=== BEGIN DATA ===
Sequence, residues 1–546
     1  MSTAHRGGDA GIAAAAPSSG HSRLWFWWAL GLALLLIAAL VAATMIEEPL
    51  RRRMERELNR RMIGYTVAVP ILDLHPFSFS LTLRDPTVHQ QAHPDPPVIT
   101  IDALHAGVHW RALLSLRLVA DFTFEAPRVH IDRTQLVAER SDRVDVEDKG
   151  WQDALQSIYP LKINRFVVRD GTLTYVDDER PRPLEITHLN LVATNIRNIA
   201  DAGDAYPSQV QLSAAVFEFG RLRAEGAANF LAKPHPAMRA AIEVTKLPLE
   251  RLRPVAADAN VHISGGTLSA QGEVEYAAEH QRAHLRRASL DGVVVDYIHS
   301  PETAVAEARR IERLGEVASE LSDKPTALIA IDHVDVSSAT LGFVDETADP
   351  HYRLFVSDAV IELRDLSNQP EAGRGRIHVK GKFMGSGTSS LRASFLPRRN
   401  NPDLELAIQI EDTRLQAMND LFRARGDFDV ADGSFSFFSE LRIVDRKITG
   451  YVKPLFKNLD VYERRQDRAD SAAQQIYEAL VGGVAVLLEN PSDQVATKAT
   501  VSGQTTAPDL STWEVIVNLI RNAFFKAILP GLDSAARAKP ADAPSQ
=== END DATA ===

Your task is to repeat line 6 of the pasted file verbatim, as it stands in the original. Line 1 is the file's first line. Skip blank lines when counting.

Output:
   201  DAGDAYPSQV QLSAAVFEFG RLRAEGAANF LAKPHPAMRA AIEVTKLPLE